Seeing with the Brain.

Department of Orthopedics and Rehabilitation, University of Wisconsin–Madison, Madison, Wisconsin, United States
International Journal of Human-Computer Interaction (Impact Factor: 0.72). 04/2003; 15(2):285-295. DOI: 10.1207/S15327590IJHC1502_6
Source: DBLP

ABSTRACT We see with the brain, not the eyes (Bach-y-Rita, 1972); images that pass through our pupils go no further than the retina. From there image information travels to the rest of the brain by means of coded pulse trains, and the brain, being highly plastic, can learn to interpret them in visual terms. Perceptual levels of the brain interpret the spatially encoded neural activity, modified and augmented by nonsynaptic and other brain plasticity mechanisms (Bach-y-Rita, 1972, 1995, 1999, in press). However, the cognitive value of that information is not merely a process of image analysis. Perception of the image relies on memory, learning, contextual interpretation (e. g., we perceive intent of the driver in the slight lateral movements of a car in front of us on the highway), cultural, and other social fac-tors that are probably exclusively human characteristics that provide "qualia" (Bach-y-Rita, 1996b). This is the basis for our tactile vision substitution system (TVSS) studies that, starting in 1963, have demonstrated that visual information and the subjective qualities of seeing can be obtained tactually using sensory sub-stitution systems., The description of studies with this system have been taken


Available from: Mitchell Tyler, Apr 21, 2014
  • Source
    [Show abstract] [Hide abstract]
    ABSTRACT: Many applications use electrostimulation of the human skin to provide tactile sensation. The effect of electrotactile stimulations were studied on a 6x6 matrix of tactile electrodes placed on the anterior part of the tongue. The liminary threshold with continuous or discontinuous waveform and patterns with 2 or 4 electrodes was investigated. The result suggest that for energy saving and to improve the yield, it would probably be better to use discontinuous stimulation with two electrode patterns.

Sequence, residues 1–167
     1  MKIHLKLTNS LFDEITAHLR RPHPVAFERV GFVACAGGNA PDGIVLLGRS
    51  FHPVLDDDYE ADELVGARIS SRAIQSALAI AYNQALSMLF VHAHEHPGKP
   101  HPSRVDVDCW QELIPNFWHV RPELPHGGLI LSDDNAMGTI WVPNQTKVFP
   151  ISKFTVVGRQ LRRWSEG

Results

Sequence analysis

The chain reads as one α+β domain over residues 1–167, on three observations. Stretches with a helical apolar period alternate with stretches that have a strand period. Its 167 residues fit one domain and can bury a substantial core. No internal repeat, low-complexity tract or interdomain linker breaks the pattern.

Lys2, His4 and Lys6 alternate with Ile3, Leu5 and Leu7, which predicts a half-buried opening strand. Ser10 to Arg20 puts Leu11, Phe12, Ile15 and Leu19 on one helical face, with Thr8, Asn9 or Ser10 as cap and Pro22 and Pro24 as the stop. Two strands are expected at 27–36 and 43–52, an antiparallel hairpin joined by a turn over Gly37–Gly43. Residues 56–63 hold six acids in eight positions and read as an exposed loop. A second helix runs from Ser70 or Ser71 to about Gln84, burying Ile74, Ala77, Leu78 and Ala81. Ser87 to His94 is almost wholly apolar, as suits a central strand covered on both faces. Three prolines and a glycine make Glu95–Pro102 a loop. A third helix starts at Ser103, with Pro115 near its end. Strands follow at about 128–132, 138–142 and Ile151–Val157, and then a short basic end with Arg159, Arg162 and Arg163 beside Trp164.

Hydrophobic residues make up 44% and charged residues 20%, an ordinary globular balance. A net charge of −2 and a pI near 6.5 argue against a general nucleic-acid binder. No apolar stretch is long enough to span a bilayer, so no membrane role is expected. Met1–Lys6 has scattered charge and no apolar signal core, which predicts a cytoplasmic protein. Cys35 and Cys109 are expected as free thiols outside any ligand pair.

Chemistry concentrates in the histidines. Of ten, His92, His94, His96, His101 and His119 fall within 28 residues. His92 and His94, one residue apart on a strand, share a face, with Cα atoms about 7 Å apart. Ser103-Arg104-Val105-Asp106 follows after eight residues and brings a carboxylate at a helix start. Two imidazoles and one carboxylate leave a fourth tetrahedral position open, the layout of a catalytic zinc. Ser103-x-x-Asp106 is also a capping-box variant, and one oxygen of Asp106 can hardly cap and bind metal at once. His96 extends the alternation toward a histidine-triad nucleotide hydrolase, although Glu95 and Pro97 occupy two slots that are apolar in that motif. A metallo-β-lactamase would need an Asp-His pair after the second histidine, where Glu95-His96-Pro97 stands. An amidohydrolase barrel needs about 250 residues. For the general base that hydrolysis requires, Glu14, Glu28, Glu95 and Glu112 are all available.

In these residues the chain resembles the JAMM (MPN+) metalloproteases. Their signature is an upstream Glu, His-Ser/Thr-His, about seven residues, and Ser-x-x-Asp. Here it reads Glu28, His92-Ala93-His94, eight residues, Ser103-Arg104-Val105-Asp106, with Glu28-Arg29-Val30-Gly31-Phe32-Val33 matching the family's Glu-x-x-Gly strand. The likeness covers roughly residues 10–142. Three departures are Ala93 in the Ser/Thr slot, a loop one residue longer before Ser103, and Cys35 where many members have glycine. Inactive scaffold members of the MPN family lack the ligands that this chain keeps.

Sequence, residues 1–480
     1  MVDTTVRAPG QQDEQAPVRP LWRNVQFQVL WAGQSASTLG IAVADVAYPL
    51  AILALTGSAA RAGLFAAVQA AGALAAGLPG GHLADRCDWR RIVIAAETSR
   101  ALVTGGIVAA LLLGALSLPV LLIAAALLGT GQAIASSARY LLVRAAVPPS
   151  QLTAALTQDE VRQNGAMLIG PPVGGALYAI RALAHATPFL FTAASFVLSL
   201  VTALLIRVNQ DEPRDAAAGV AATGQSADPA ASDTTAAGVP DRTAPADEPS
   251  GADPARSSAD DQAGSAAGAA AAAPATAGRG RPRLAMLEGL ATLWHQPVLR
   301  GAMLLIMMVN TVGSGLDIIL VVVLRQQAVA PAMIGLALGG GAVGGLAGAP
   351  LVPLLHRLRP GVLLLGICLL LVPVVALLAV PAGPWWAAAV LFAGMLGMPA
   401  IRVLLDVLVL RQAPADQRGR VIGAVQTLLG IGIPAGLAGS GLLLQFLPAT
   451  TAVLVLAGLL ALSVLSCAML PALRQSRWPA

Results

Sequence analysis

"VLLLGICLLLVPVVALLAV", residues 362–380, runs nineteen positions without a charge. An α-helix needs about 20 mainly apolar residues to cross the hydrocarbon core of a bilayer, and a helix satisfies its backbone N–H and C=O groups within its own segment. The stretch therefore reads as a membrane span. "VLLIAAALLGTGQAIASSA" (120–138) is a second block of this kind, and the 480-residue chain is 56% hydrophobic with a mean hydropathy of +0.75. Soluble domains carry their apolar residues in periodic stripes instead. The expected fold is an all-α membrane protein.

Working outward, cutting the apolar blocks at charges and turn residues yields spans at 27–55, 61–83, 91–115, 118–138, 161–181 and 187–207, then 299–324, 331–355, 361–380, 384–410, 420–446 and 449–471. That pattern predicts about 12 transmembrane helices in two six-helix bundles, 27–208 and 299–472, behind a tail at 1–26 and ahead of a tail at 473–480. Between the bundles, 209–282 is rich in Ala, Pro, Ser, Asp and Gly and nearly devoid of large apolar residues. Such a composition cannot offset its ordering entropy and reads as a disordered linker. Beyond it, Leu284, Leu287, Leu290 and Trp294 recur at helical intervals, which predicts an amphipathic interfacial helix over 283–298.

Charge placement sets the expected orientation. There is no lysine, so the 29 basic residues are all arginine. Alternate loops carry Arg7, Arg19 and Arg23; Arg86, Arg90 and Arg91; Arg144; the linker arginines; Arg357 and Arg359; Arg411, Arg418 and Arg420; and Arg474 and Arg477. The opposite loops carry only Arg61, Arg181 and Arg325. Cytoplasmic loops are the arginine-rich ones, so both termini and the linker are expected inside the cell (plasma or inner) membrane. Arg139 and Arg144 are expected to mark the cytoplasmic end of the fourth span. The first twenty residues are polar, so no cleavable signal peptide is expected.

• Source
    [Show abstract] [Hide abstract]
    ABSTRACT: We present a new method of sensing the 3D visual environment and controlling objects within it. The human hand is well suited to interrogate and manipulate objects by physical contact; however, the hand is limited to surfaces within its reach. Extending the hand's innate ability, we mount miniature cameras on individual fingertips, permitting rapid sweeping through the 3D visual environment at greater distances. The information gleaned from each fingertip camera is fed back to that finger by a small vibrator, so the sense of touch remains related to each finger's individual interaction with the environment. The muscles of the fingers, wrist, and arm can potentially provide motor control as fine as the eyes' (and we have ten fingers instead of only two eyes) although the sensory resolution and total bandwidth is likely to be less. Metaphorically speaking, we have given eyesight to the fingers, and thus we call the resulting capability, "Fingersight ." In addition to sensing the environment, we can remotely control certain identified targets with subsequent motion of the fingers. We can move or rotate objects on a computer screen or recognize inanimate objects such as a light switch, controlling environmental parameters with a flick of the finger.
    Haptic, Audio and Visual Environments and Games, 2007. HAVE 2007. IEEE International Workshop on; 11/2007
  • Source
    [Show abstract] [Hide abstract]
    ABSTRACT: In this paper we propose an assistive technology (AT) device for individuals with visual impairments. This device would extract motion information from images acquired from a capture device and present the information through a tactile interface. The algorithm utilized provides information about the amount of motion present in the field of view and the centroid of the motion. Depending upon the number of stimulators and the location of the active stimulators, the direction and size of the objects could be determined. Currently, a simulation ofthe operation is performed using a computer to process images captured from an inexpensive camera. The primary goal of this design is to provide an AT device that is practical, cost-effective, and useful for individuals with visual impairments.
    Bioengineering Conference, 2006. Proceedings of the IEEE 32nd Annual Northeast; 05/2006